Great opportunities and a lot of fun/creativity to be had if the audience is there…

    I guess the only way to test is to test…

  10. Because mobile DTV has to do with mobile. Europeans firstly initiated GSM. It was a surprise because usually back in 80s only USA used to initiate new technologies. It was only an exception. Nothing more. But American nomeclature hated it at the first place because it was not american. This caused a too late adoption of european mobile standards and its descendants. For some time 3G coverage was better in third world countries than in USA. Even SMS messaging came extremely later. Wimax was one more child and the same time victim of this fruitless opposition. Mobile DTV needs a clear and well-defined air-protocol. Has US decided about this?

  11. 1st ATSC Symposium on Next Generation Broadcast television
    Written by Lindsay Shelton-Gross
    Monday, 21 June 2010 12:30
    Symposium: Call for Papers
    October 19, 2010
    9 AM to 5 PM
    Westin Alexandria Hotel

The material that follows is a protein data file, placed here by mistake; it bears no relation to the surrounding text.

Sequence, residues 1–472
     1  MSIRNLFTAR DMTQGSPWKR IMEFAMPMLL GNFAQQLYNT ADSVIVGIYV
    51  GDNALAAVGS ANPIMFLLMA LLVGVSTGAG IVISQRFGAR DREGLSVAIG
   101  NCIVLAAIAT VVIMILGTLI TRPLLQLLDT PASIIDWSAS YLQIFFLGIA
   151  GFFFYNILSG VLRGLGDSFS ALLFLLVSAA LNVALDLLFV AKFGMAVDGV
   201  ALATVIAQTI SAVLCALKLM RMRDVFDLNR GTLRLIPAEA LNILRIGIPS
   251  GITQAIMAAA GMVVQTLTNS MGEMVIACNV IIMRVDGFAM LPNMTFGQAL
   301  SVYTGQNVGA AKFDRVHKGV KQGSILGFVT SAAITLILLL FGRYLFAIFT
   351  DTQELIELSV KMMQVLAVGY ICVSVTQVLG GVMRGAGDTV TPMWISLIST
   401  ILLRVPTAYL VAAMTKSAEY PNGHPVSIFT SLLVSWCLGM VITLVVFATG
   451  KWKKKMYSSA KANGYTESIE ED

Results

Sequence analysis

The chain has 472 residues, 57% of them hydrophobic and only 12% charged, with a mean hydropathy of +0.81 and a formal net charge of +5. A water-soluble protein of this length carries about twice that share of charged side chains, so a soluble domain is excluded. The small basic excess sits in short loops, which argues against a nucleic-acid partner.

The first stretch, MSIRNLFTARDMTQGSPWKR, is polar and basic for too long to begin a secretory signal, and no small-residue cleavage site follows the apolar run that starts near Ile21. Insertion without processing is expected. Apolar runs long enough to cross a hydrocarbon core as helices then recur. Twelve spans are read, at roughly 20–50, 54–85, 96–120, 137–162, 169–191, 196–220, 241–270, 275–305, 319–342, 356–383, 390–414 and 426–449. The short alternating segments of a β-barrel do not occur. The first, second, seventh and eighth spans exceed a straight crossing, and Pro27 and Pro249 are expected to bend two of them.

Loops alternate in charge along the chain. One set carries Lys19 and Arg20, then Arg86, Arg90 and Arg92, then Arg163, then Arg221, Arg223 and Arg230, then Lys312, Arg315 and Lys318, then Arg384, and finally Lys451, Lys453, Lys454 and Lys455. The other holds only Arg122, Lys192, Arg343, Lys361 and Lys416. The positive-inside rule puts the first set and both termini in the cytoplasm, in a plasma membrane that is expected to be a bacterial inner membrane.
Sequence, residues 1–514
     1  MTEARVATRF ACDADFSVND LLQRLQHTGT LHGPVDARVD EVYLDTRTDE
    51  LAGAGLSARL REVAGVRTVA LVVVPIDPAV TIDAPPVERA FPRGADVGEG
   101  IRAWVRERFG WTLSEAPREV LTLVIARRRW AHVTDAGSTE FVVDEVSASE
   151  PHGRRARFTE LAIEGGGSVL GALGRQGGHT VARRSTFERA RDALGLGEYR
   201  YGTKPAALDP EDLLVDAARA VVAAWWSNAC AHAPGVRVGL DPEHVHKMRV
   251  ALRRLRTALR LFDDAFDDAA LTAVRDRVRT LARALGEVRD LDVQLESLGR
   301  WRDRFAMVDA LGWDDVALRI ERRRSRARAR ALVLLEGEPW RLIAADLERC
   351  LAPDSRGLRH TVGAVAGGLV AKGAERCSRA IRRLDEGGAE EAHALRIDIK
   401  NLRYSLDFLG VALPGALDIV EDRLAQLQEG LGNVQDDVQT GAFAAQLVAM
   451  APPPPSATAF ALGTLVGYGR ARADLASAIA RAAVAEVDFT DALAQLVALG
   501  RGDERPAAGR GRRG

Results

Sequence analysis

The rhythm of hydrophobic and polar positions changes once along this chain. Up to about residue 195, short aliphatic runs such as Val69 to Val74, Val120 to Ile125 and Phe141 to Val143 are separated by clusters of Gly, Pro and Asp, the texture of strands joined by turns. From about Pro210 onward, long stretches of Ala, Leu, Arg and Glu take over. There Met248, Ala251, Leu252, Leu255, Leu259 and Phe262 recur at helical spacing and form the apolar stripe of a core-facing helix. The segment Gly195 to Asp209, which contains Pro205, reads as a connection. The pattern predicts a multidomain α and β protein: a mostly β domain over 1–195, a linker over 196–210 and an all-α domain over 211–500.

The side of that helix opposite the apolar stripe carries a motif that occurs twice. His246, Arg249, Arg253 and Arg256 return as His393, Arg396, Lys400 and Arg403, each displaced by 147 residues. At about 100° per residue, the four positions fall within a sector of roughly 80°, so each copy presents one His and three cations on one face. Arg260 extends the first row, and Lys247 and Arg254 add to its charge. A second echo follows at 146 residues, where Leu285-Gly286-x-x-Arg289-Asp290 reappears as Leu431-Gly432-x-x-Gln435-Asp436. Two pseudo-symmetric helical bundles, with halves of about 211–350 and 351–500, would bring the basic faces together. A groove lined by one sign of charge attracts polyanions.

400 Courthouse Square
    Alexandria, VA 22314 USA

    The Advanced Television Systems Committee is exploring potential technologies to be used to define a new and future terrestrial broadcast digital television. This exploration will include an assessment of the range of services that could be delivered with a new standard and a consideration of potential timeframes. The ATSC will hold symposiums on new technologies that may have application for next generation broadcast content delivery systems.

  12. Iridium roamed with both GSM and IS41 and used GSM as the basis for its underlying signalling. But you’re right that they didn’t expect coverage to expand globally so quickly, irrespective of the air interface, or phones to get so small in comparison to what was required to communicate via satellite.

  13. Elias Shams says:

    Thanks everyone for feedback. I did more digging and just posted this one as a follow up of the previous one you have been commenting:

    Mobile TV coming to Washington, D.C., Anyone will use it?